Because looking at Colorado State's record, one big thing jumps out: they are 16-1 at home (in an 8,000 seat gym), 6-6 on the road and 4-1 in neutral games. The Mountain West has had an awful tournament so far, with Colorado State being the only winner thus far (pending San Diego State game), and CSU split the home/home series with every Mountain West tournament team (UNLV, Boise State, San Diego State), lost both games to New Mexico and lost to Colorado on the road and UNLV in the (Las Vegas-based) Mountain West tournament. They also ended up 20-1 against the teams ranked 51+ in the RPI, their only loss being a head-scratcher to University of Illinois-Chicago.



Further, they don't really play efficient defense: KenPom has them ranked 97th, slightly above the national average, and anecdotal evidence suggests they don't pressure the ball, preferring to rebound your misses than prevent you from even shooting in the first place. They aren't very deep, and their starters play a ton of minutes. And, bluster notwithstanding, they have likely never seen a defense like ours, in a Saturday afternoon game with the crowd heavily in our favor, or the depth and talent we have. The closest teams to us in talent in the Mountain West are UNLV and New Mexico, and they were 1-4 against those 2 teams, with the only win coming at home by 5 points in January.

So, on paper, this isn't as bad of a matchup as it could be. But, the game isn't played on paper, and in a one-and-done tournament, if they go off from 3 (which NC A&T did in the first half and Marquette did in the last minute) and we can't make open shots, and aren't getting any second chances, well, it could get tense.

Nightmare Scenario: Eustacy's pre-game working of the refs (from Crawford's article: "You know, from an officiating standpoint, they grab, they reach and it becomes so common, you know, and I have no problem with it, but we just have to be men and be strong with it and not let them jar it loose because I think we're going to get it for 40 minutes.") leads to two quick fouls on Siva and/or Russ, which both limits our offense and prevents us from speeding the game up and getting turnovers. CSU shoots out of their mind from 3s and gets every missed 2, puts it back and then we miss open shots, we lose the game.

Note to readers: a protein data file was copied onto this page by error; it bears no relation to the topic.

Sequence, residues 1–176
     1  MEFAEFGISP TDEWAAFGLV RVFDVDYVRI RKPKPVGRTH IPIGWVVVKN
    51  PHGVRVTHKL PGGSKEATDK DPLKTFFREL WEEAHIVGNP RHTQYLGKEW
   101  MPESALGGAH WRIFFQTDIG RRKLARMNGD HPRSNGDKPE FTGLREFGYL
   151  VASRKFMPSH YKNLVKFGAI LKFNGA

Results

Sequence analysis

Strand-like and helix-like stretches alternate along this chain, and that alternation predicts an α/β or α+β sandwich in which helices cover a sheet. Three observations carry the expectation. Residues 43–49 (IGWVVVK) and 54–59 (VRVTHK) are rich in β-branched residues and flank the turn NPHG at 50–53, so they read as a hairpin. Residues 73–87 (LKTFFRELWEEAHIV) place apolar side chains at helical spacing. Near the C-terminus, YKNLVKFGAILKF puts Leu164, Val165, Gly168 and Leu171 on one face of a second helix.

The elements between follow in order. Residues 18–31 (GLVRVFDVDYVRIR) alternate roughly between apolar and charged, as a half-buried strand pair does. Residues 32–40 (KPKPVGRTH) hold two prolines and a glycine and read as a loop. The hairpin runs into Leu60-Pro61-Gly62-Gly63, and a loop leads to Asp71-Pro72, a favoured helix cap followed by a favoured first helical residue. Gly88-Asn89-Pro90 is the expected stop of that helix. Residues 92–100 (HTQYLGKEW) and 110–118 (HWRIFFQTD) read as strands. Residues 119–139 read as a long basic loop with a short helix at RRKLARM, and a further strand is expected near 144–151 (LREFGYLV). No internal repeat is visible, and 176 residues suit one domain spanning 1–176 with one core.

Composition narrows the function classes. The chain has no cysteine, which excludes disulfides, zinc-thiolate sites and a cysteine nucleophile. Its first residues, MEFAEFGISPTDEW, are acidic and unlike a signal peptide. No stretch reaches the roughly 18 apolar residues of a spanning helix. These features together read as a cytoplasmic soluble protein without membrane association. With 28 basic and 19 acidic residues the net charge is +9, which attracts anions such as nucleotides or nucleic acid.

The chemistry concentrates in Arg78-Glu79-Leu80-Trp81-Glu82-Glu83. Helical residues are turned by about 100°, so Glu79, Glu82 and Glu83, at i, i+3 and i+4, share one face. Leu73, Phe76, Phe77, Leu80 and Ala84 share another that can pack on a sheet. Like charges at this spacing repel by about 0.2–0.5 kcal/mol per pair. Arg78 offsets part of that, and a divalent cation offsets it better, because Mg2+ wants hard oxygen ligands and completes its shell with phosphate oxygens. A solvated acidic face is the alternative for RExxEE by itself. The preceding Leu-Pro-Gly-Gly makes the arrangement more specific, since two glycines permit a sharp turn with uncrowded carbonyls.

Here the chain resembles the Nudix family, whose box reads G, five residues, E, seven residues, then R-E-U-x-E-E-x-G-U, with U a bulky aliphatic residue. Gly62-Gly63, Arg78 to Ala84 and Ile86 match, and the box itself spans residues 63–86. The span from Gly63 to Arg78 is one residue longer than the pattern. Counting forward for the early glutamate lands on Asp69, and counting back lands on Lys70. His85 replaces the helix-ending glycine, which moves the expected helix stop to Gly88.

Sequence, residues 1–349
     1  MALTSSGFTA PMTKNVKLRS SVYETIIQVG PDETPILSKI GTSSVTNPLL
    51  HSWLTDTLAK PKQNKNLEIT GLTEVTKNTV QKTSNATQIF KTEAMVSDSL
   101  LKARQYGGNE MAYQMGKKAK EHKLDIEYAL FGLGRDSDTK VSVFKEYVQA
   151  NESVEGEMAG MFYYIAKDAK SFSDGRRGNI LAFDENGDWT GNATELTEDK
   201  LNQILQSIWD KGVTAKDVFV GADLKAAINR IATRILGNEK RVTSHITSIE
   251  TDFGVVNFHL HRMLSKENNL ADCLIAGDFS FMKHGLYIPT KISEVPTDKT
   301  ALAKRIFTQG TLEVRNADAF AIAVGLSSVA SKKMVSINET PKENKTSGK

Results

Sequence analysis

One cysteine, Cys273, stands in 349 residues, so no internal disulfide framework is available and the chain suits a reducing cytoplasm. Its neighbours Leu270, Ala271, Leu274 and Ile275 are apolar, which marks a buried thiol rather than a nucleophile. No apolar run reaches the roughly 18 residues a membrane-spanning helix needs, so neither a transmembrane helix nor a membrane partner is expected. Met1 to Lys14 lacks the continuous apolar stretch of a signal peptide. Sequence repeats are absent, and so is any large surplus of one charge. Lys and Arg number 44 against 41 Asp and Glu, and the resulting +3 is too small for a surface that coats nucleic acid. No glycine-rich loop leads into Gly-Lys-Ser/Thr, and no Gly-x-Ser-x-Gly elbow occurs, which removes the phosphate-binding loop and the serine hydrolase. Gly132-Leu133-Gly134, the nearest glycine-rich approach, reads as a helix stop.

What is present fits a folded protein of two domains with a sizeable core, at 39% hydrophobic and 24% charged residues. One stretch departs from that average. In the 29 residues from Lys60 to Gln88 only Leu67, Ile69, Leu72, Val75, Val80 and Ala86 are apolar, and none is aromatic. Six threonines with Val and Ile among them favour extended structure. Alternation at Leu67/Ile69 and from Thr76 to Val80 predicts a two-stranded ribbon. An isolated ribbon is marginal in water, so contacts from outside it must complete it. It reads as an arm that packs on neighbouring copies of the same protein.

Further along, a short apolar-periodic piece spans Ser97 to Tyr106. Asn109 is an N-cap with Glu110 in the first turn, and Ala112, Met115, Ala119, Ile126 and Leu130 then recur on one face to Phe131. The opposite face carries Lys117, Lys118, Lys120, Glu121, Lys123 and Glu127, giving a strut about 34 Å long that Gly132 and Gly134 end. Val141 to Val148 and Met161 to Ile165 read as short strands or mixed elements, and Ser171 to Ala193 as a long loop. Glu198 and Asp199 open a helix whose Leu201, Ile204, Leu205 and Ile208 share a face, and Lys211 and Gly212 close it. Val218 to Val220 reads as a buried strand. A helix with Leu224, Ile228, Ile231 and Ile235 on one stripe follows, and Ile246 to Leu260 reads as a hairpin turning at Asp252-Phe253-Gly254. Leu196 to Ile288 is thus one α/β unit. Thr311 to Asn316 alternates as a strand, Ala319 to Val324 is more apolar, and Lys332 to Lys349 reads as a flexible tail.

Do I really think that will happen? No, probably not. I said on Twitter earlier, this feels like either one of those OK/Stanford type blowouts where the other team has no idea what to do, or a Texas A&M/Sienna type game that is slow, whistle-heavy, grinding, and close until the very end. Don't really see anything in between being crazy likely - don't think CSU will blow us out, don't think this will be a game we are leading by 4-8 for the whole game, never put away until the end and CSU matching us point for point.

I will be more and more nervous as we approach this game, and by tip-off I will be convinced that rebounding margin is the most important stat in the history of college basketball. But it isn't, and I'm not playing, and I really hope that we can enjoy this game because, like life, the college basketball tournament is frustrating and terrifying and amazing and can end at any moment. While it feels good to thrive, sometimes all you have to do to advance is survive.